31 'Habits' of People With Anxiety
There are the quirky, small things that make you, you. Then, there are the things you do because of anxiety. While personality traits and anxious habits can blend together, to an outsider it’s not always clear which of these “habits” are driven by anxiety. Whether it makes you look “rude” (avoiding phone calls, canceling plans) or “odd” (leaving a social setting quickly, bouncing your leg) — it can be hard when others judge you based on these actions without knowing what’s going on inside your head.
To find out some habits of people who have anxiety, we asked our mental health community to share one thing people might not realize they’re doing because of anxiety.
Here’s what they shared with us:
1. “I run my hands along my face and neck, scanning for imperfections (acne, facial hair, scabs), and I pick at them. Sometimes until the spot is bleeding or I’ve hurt myself.” — Nana M.
2. “I apologize for anything and everything that might seem like it would be an inconvenience for anyone… whether I can control it or not.” — Tamara J.
3. “If I start to feel overwhelmed I have to go somewhere else. Sometimes that means I zone out even in the middle of conversations. Other times I have to run out of the room so I can go cry and freak out. It’s not that I don’t like people; they just overwhelm me at times.” — Becca W.
4. “Getting irritable and snapping at little things. This is often accompanied by sensory overload. When I have a panic attack, my thoughts are so intense and engulfing that I could lose my cool at the drop of a hat. I’m normally kind and patient, but sometimes my mind just won’t stop.” — Shelby S.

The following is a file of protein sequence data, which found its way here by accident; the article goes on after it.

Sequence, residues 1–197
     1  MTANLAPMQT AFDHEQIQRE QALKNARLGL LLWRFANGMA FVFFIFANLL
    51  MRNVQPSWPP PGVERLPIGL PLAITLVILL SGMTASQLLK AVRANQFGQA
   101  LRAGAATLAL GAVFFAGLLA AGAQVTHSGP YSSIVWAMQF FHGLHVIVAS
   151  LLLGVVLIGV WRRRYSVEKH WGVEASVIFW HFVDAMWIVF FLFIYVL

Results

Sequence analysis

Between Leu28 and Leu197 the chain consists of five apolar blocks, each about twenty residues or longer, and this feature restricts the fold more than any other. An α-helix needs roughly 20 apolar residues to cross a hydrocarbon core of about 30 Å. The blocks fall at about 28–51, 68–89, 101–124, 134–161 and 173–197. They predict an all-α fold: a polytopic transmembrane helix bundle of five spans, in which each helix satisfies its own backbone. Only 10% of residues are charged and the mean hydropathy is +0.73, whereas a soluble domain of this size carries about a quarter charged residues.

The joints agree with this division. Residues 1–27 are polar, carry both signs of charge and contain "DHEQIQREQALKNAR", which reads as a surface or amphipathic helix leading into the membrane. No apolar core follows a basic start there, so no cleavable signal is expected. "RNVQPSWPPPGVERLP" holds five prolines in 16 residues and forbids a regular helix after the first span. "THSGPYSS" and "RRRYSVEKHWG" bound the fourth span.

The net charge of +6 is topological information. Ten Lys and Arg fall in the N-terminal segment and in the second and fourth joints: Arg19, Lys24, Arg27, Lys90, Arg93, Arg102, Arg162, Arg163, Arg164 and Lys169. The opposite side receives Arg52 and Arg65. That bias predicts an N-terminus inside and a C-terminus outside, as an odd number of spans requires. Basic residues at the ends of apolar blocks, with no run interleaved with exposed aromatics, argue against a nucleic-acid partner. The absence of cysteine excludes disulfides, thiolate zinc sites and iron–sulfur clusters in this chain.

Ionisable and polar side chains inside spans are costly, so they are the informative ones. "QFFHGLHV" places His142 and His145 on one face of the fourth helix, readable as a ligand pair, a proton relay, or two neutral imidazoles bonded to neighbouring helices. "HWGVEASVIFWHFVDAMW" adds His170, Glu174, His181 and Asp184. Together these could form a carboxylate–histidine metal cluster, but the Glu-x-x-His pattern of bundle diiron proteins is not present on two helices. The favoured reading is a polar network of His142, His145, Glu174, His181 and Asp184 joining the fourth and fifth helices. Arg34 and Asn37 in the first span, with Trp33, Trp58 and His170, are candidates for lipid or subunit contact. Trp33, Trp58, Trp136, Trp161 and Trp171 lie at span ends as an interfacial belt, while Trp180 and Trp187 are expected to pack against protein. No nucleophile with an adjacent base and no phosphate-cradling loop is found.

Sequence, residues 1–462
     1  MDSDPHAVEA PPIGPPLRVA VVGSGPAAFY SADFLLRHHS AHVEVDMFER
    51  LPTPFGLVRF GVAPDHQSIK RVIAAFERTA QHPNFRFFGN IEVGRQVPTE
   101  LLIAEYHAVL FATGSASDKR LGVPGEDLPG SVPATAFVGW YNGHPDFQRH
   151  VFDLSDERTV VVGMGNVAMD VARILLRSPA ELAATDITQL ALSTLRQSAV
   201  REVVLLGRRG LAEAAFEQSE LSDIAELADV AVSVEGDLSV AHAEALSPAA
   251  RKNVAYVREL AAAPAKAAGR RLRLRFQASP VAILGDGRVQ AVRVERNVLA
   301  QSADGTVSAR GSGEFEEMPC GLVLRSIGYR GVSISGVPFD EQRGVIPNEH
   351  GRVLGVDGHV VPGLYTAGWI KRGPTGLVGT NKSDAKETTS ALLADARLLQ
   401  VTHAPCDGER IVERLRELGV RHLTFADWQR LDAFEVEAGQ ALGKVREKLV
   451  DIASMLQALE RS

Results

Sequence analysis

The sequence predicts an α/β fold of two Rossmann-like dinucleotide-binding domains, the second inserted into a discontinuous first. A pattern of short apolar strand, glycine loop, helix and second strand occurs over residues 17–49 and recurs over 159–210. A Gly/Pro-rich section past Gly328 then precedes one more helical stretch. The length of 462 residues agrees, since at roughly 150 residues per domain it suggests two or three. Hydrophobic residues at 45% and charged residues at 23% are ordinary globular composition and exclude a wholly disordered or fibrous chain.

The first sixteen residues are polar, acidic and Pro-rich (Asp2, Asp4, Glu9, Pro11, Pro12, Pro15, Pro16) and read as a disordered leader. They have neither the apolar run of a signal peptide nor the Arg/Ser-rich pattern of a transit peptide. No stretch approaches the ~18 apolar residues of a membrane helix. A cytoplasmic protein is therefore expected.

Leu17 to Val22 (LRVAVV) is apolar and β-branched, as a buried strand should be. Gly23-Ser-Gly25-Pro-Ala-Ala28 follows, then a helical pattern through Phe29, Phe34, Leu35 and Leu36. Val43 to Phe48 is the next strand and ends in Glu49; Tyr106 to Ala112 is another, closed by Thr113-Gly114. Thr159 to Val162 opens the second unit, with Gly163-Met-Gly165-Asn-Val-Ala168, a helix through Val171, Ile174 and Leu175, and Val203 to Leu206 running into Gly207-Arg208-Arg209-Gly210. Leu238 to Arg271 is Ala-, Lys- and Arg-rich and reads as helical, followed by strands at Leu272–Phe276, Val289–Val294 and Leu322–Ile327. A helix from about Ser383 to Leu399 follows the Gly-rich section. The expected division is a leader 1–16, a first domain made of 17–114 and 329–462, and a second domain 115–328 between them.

5. “People don’t realize I shake constantly because of my anxiety. I often blame it on being cold because I don’t want people to know I’m having a panic attack and feel like I’m about to pass out.” — Ally M.
6. “Forgetting random things of varying importance. My mind is so overtaxed just getting through the day, things sometimes slip… sorry…” — Trüth B.
7. “I take everything personally. Even though it may have been a small mistake/error, it will expand and take over my mind and I will be thinking about it all day.” — Jeremy C.
8. “I space out, even in the middle of a conversation, if my anxiety gets too bad. I can go from completely engaged in the conversation to just physically there in a matter of seconds.” — Alicia S.
9. “I scroll through my phone. It looks like I’m not paying attention or don’t want to be with whoever is there, but I do I just need an extra distraction. I also have ADD so I can be mindlessly scrolling through an app on my phone and be engaged in conversation; it’s just my anxiety is overwhelming if I don’t have that distraction.” — Liz T.